Most probably you have forgotten me. However I have not forgotten you nor the circumstances under which we became acquainted.

The other evening while sitting by the fireside, smoking my pipe, I went back in imagination to that January morning in 1879 when I hurried off to Freshwater Bay to assist the Angle Coast guards in getting the crew ashore from the Thomas M. Reed. The whole scene passes in review before my eyes as plainly as it did on that memorable morning, from the time the rocket was fired until you were riding in the bows of the tram cart over the sand dunes to the little village of Castlemartin.

How the waves washed over your poor ship and yourselves, hiding you for seconds from sight as we stood on the little bluff watching you. And when your mate got into the cradle, didn't we haul on that line in the fond hope of getting him on shore. But alas, we failed and when we got his poor drowned body to the side of the bluf, I shudder as I thought of how, in stooping to pick him up, my foot slipped off the rock and down I went into the sea up to my waist. Then I saw three men try to swim ashore; the excitement of securing the first man as he rose on the crest of the breaker and the joy as he was seized and carried in. It was I who wiped the salt water out of his eyes and took the overcoat off my back to put on him. Then he was off on horseback behind a farmer to warmth and food. Then I see a mulatto reach the shore and then a poor fellow sink under the waves, unable to breast the current. Later I see you all coming hand over hand on the hawser and we hasten into the sea to help you all. I almost feel now the grip Mr. Guthrie gave my arm as I assisted him through the surf. I also picture the cabin boy who was the last to come over the hawser, being picked up by two men who were carrying him.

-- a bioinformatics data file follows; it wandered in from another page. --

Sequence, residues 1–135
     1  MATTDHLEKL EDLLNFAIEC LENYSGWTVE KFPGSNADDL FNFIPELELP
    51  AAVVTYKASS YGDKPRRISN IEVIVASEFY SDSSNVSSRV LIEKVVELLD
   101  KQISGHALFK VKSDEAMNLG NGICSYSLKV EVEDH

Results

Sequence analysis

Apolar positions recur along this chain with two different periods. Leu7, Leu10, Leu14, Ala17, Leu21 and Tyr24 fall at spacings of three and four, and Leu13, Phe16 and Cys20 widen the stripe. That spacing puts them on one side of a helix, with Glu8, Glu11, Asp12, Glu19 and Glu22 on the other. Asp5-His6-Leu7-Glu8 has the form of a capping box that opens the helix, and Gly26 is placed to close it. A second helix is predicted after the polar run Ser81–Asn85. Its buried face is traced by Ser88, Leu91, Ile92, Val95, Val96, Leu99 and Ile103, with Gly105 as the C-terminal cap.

I asked, ‘Where is the Captain?’ and a tall, elderly looking gentleman, barefooted and scantily clothed, said ‘I was the captain sir’. How very sorry I did feel for you as you endeavored to pick your way through the strewn wreckage lining the shore, and I gave you my arm and helped you to climb up the sand hill; and when I failed in this, called to our assistance a young man standing above us.

How we got you into the car; how the horses backed, threatening to send you all down the hill until we seized the wheels and helped the horses get a start for Castlemartin, with a little cheer. When we got to the top of the hill, it was I who gave you the information as to where you were, and pointed out St Ann’s lighthouse. ‘Then,’ said you, ‘Milford must be close by’. ‘Yes’, said I, ‘It is over yonder, but out of sight,’ pointing in the direction. You subsequently gave me, or rather told me, as I wrote on the back of an old envelope, the wording of a telegram to send to the ship’s agent at Liverpool, and this I carried out.

Well, after all this scene passes through my mind, I determined I would write to you and wish you a Merry Christmas, I hope this will find you and reach you in time for Christmas Day, so that my congratulations may be seasonable. I hope that you are not displeased in hearing from me. When I eat my dinner on Christmas Day, among many other absent friends, I shall not forget to drink the health and a Merry Christmas to Captain Small”.

News of the Shipwreck spread like wild fire, 15,000 boxes of goods were strewn across Freshwater West, rich pickings were to be had as well as site of this large ship wrecked just off the beach. Spectators came from all over, but it was spectators from Swansea who found another treasure which all the other spectators ignored: the black, shimmering laver seaweed clinging to the rocks of Freshwater West.

While the wreck of the Thomas M Reed has almost been forgotten in the tides of time, its affects linger today, 136 years later. Perhaps amongst the 1000s of lost cargo a strewn along Freshwater West a little of the “Live Yankee” energy left its footprint in the sand at Freshwater West. The Swansea families struck a deal with the local inhabitants of Angle village to purchase as much seaweed as they could collect and so a small cottage industry of laver harvesting began. This lasted 70 years until the arrival of cars put a stop to the local trade.

However, what remained of the iconic seaweed hut inspired me to start my venture into the mysterious worlds of seaweed. So I, and perhaps, all of us who have a passion for this Welsh delicacy can raise a toast to Captain Joseph Small and the crew of the ill fated Thomas M Reed.


I would like to say a big thank you to Holly, editor of the Western Telegraph, in allowing me to research and use extracts from the local papers at the time, see below:

1. Western Telegraph Archive
2. American Merchant Ships 1850 – 1900, Vol 1, Frederick C Matthews
3. Live Yankees – The Sewalls And Their Ships, W H Bunting